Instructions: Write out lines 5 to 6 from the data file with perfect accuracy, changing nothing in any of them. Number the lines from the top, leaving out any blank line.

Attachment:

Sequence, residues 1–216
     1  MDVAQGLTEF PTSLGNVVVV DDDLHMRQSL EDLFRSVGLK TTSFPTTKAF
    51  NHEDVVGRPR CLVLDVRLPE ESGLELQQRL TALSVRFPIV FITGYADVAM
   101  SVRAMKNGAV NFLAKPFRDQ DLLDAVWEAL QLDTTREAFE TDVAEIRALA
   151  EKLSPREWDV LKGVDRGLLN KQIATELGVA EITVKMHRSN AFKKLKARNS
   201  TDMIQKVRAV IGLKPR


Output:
   151  EKLSPREWDV LKGVDRGLLN KQIATELGVA EITVKMHRSN AFKKLKARNS
   201  TDMIQKVRAV IGLKPR